Tuesday, June 15, 2010

Is the common brown butterfly emerging 10 days earlier than it did 65 years ago because of climate change?

The answer actually appears to be that nobody really knows!

More misleading warmy bullshit revealed and, my God!, is that an urban heat island effect there?

And warmies cherry picking data to get the "right" result? Surely not!

Mr Bolt reports:

The Age was very excited in March by the latest research of climate alarmist David Karoly:

Researchers have found that because of a rise in temperature, caused by an increase in greenhouse gas emissions by humans, the common brown butterfly now emerges from its cocoon 10 days earlier than it did 65 years ago.

Professor Karoly seized on the study as proof of man-made global warming:

This new work has tied the earlier emergence of butterflies directly to a regional temperature increase, and has tied the temperature increase very strongly to increases in greenhouse gas concentrations caused by humans...

I was immediately suspicious, noting the glaring evidence of an urban heat island effect at Laverton that could have explained plenty.

In fact, the study that so pleased The Age was so dodgy that some PhD student, Marc Hendrix, now comes along and blows it to pieces with a quick letter that the Royal Society considers so convincing that it’s obliged to publish. The main charge is cherry picking. Some extracts:

I have obtained the same data used in this study as Kearney et al. and am unable to confirm the results for the historical observation data. I count 239 observations made in Oct-Dec from 1942 to 2009. The annual data show a wide range of earliest observation dates (Figure 1), and at face value the use of 5 year or 10 year averages appears to be a convenient statistical method that hides the very wide spread of observation dates. Applying a linear regression to a graph of the earliest observation date for each year indicates a trend of -0.7 days per decade. However, with an R2 of 0.0091 the trend has no statistical significance....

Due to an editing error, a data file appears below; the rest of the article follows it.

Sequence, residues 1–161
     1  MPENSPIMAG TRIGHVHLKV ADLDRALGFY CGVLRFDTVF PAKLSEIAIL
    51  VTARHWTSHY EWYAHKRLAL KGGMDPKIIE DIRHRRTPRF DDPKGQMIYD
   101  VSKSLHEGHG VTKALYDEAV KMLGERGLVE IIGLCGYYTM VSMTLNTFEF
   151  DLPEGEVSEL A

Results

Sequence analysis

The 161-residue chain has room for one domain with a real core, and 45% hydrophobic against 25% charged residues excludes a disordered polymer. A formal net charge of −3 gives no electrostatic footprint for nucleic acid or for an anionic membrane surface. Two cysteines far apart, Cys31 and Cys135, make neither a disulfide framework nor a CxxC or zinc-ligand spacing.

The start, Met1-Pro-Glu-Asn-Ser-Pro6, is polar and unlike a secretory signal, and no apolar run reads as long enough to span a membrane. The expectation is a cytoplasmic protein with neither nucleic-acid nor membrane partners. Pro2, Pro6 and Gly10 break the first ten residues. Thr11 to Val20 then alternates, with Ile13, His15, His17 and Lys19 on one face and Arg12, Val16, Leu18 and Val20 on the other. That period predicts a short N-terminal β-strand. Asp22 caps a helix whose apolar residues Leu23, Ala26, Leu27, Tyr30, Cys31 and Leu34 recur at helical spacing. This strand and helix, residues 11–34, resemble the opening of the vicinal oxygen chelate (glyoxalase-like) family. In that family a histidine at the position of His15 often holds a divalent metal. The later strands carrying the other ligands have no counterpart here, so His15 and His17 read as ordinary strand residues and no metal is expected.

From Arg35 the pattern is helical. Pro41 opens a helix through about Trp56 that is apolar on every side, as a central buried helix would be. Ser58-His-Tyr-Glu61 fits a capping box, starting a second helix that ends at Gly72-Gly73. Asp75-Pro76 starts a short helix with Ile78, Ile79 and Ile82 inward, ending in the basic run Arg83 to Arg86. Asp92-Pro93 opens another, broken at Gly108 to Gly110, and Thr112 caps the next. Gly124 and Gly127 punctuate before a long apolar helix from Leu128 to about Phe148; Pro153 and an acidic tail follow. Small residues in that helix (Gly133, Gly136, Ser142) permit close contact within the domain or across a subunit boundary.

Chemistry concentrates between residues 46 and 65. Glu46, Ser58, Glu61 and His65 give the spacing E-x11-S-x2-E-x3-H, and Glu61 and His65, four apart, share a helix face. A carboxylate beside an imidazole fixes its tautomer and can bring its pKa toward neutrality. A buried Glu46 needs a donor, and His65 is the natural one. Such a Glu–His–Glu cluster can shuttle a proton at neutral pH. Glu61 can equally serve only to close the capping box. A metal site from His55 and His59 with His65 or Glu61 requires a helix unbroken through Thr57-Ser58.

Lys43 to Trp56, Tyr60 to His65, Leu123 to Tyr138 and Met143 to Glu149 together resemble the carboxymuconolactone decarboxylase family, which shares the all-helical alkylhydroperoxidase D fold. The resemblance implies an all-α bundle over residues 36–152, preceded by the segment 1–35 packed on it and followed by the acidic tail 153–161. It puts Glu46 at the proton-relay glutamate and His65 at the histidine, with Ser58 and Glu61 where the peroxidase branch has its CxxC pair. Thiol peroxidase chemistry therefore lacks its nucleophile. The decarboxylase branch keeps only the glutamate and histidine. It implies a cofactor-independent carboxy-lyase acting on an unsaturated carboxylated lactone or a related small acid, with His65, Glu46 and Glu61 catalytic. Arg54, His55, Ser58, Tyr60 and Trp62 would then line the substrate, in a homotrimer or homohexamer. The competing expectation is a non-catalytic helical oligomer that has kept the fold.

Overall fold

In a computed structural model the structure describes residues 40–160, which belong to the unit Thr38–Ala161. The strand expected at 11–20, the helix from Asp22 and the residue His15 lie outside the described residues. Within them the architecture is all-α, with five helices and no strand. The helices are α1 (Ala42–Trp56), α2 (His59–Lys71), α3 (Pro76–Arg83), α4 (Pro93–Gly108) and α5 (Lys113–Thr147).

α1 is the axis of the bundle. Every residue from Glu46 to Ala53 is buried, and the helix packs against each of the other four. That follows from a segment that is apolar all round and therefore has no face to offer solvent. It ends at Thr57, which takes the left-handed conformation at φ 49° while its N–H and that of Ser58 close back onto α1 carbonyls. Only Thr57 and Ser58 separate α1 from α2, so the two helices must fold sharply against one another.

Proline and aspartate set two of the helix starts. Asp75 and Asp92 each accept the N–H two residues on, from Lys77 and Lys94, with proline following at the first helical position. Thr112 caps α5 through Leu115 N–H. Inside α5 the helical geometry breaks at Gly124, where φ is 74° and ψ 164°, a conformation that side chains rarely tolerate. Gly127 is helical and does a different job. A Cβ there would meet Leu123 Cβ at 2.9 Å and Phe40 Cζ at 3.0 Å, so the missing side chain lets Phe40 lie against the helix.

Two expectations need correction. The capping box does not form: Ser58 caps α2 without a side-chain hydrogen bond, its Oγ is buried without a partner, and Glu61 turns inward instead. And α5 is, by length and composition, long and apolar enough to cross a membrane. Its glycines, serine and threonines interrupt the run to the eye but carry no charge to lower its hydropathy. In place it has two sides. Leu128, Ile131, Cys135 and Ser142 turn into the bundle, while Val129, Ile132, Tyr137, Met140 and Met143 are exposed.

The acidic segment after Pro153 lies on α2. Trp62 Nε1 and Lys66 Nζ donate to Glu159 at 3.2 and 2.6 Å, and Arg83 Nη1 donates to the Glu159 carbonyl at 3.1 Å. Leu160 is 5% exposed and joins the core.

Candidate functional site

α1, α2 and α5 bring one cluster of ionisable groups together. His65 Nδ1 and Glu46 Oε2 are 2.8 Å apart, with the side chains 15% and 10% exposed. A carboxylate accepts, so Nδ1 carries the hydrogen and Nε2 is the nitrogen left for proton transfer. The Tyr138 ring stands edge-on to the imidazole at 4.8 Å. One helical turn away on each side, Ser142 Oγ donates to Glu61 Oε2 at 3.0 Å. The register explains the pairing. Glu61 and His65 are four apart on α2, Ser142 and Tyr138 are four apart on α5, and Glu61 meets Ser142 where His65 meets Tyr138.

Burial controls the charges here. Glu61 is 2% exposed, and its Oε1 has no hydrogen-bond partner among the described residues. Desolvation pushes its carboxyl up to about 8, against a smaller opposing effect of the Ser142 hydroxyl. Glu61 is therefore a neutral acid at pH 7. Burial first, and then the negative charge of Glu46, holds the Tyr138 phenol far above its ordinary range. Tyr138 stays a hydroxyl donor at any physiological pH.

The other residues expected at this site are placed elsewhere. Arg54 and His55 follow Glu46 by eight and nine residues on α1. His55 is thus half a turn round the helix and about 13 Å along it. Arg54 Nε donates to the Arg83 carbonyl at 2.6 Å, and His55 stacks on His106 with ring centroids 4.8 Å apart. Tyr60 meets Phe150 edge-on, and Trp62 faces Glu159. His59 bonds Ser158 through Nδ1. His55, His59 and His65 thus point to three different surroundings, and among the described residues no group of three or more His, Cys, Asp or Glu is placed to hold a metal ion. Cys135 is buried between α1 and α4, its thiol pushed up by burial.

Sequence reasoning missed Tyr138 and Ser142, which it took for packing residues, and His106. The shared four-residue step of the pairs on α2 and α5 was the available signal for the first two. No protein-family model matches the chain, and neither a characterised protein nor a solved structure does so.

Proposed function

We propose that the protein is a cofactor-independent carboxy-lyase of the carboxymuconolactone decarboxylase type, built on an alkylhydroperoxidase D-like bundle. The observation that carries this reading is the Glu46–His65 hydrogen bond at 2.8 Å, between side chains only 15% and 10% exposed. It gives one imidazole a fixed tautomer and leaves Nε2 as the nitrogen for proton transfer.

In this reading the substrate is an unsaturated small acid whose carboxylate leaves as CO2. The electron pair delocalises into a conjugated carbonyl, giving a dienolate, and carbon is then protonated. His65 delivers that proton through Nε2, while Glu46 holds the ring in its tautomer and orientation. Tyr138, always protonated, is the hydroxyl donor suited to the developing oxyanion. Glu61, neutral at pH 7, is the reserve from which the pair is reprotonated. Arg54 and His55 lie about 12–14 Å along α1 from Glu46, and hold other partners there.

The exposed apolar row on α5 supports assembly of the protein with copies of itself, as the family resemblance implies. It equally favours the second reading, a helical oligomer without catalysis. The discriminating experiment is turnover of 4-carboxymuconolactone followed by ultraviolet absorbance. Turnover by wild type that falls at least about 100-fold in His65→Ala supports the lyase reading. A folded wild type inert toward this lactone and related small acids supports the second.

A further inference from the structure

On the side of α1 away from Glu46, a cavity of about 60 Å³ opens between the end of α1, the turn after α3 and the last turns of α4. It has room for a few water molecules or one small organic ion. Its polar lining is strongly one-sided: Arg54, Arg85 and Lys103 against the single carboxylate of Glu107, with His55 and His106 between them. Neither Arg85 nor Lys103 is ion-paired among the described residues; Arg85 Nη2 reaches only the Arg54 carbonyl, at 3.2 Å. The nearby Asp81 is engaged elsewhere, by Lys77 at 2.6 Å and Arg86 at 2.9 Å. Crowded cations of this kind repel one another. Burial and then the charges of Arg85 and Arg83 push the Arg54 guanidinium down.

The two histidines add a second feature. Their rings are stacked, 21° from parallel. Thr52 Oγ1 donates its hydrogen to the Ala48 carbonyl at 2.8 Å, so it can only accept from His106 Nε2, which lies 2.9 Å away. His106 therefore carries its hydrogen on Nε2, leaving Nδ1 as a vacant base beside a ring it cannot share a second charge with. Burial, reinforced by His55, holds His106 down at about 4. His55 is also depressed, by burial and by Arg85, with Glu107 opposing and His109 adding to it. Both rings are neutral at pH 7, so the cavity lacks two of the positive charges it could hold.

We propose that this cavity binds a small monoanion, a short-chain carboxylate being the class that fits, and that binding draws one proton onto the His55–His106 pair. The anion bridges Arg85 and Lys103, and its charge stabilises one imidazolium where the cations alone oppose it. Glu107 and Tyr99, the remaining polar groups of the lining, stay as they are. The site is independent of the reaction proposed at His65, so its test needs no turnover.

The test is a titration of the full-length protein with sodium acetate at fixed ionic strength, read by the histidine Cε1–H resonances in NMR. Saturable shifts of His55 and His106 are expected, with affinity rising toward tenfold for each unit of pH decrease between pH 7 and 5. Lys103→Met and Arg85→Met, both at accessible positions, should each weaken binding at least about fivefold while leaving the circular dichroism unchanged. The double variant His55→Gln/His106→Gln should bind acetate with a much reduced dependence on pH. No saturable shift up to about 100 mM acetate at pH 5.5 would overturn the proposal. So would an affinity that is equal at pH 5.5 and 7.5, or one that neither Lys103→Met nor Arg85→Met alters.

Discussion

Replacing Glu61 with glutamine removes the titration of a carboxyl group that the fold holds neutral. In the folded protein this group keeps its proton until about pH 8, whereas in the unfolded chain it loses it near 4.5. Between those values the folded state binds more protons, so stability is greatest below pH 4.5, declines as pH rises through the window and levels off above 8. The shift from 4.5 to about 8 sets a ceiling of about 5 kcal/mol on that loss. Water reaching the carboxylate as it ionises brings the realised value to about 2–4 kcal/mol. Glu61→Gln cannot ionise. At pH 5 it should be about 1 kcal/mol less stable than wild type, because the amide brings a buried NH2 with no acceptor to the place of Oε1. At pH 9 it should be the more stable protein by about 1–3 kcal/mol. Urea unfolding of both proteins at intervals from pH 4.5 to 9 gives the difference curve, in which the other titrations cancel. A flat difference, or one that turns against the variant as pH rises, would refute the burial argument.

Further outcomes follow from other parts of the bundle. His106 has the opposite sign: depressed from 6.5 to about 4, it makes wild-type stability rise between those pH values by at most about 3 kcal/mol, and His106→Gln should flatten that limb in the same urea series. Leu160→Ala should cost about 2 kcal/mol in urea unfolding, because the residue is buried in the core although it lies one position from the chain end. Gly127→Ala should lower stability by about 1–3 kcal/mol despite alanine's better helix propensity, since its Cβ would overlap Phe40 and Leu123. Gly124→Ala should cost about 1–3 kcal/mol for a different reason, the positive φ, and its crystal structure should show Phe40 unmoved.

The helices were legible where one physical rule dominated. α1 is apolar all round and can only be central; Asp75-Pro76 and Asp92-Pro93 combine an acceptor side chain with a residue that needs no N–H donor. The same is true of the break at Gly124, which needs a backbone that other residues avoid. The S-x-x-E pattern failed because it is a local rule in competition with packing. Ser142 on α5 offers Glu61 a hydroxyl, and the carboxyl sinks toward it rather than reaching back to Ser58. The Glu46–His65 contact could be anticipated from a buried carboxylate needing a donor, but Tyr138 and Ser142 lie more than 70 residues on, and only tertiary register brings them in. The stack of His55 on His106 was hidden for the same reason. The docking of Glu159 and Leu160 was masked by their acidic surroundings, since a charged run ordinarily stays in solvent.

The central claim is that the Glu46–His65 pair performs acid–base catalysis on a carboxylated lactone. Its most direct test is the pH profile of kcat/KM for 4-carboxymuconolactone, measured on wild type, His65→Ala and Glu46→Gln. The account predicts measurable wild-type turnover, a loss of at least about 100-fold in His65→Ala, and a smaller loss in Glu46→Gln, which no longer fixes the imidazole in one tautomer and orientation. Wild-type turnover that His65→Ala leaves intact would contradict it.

Indeed the caption for Figure 1a is incorrect and misleading. The graph is in fact a measure of earliest “observance” times, not emergence… The historical trends identified simply reflect variation in the time collectors have ventured out to observe and collect butterflies. The databases in question do not record a single observation of natural emergence of H.Merope. Indeed no work has been published that records natural emergence times for the butterfly concerned…

There is also a considerable bias in observation locations, with the vast majority collected in Melbourne’s east and none in the vicinity of Laverton, the weather station that was used to characterise temperature change over the whole of the study area (Figure 2).

The other issue relates to the use of this Laverton weather station to characterise temperature over the very large and geographically diverse study area, amounting to approximately 12,000km2 (37.60-38.54 S, 144.17-145.48 E). The paper does not mention well documented Urban Heat Island effects over Melbourne that encompasses Laverton that have clearly affected temperature at this station over the period of study (see Morri and Simmonds, 2000 and Torok et al., 2001)… It seems the authors have chosen one station that favours their theory without adequately explaining why others should be rejected…

Trends for other stations (eg Durdidwarrah) fall well within the limits of natural temperature change indicted by Kearney’s Figure 1d and provide an indication that observed temperature trends over parts of the study area can be adequately explained by natural factors without recourse to warming through increased green house gases.

Based on these points, I believe that the authors’ conclusions remain unsupported by the data presented.

Buit, of course, the correction will receive none of media publicity that Karoly’s original scare did.

Posted via email from Garth's posterous

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